Vladimir Putin does not mess around with gifts: He just gave Egypt's president an AK-47.

Vladimir Putin Just Gave Egypt’s President the Most Putin Gift Ever

Vladimir Putin Just Gave Egypt’s President the Most Putin Gift Ever

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Feb. 10 2015 12:59 PM

Vladimir Putin Just Gave Egypt’s President the Most Putin Gift Ever

Putin AK47
Russian President Vladimir Putin gives an AK-47 rifle as a gift to Egyptian President Abdel Fattah el-Sisi during an informal dinner on Feb. 9, 2015, in Cairo.

Photo by Pool/MENA/Anadolu Agency/Getty Images

Never one for subtlety, Vladimir Putin, seeking new markets for Russian weapons exports, today gave Egyptian President Abel-Fatah al-Sisi an unusual gift: A Kalashnikov assault rifle.

Sisi should probably feel honored by the present, which puts him in good company. Putin recently gave China’s Xi Jinping a Russian-made smartphone—I would assume he’s not using it for any sensitive calls—and Barack Obama got some nice plates and teacups before his relationship with Vladimir went sour.

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Sisi rolled out the red carpet for Putin’s visit, with posters of the Russian leader hanging throughout Cairo. In addition to the business being conducted—the two leaders are discussing arms sales and events in the Middle East—the trip is symbolically important for both leaders. For Sisi, it’s a demonstration that he can conduct foreign policy independently of the United States. Putin, meanwhile, wants to show that he’s not entirely isolated by the U.S. and European backlash over the war in Ukraine.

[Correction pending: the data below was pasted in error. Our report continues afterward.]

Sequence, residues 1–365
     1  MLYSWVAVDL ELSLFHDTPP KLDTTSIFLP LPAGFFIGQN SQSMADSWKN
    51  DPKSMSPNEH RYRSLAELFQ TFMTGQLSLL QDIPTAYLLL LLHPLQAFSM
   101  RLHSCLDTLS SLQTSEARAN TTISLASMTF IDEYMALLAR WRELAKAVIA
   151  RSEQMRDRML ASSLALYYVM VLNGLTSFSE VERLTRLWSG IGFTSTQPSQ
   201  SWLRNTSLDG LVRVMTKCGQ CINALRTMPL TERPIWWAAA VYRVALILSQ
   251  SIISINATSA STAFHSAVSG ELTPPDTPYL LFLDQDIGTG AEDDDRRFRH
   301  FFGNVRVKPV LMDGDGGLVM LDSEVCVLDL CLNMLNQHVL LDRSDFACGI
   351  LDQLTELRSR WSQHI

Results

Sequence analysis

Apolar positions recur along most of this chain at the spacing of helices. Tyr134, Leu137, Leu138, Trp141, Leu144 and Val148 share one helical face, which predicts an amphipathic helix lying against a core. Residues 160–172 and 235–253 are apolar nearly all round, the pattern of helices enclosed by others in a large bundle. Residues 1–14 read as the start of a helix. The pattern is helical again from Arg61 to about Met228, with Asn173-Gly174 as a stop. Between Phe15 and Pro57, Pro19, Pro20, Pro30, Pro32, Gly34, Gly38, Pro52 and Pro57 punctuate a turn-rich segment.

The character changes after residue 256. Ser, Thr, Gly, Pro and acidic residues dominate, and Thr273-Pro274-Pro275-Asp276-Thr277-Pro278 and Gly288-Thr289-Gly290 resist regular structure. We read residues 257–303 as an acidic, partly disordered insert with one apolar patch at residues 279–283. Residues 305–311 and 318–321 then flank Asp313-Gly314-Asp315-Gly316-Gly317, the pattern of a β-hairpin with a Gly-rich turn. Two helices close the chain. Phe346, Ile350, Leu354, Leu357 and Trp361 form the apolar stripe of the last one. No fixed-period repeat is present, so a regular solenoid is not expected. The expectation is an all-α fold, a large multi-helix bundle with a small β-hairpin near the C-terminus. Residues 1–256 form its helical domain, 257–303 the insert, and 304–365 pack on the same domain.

The hardy and simple AK-47 is one of the world’s most ubiquitous weapons and one of Russia’s most successful exports, though it’s designer and namesake, Mikhail Kalashnikov, reportedly felt guilty before his death in 2013 over the millions of deaths caused by his creation. It’s tempting to wonder if the gift is a rebuke to Obama, who dismissed Russia last year as a fading power that “doesn’t make anything.” It sure does make one thing.

Joshua Keating is a staff writer at Slate focusing on international affairs and author of the forthcoming book, Invisible Countries.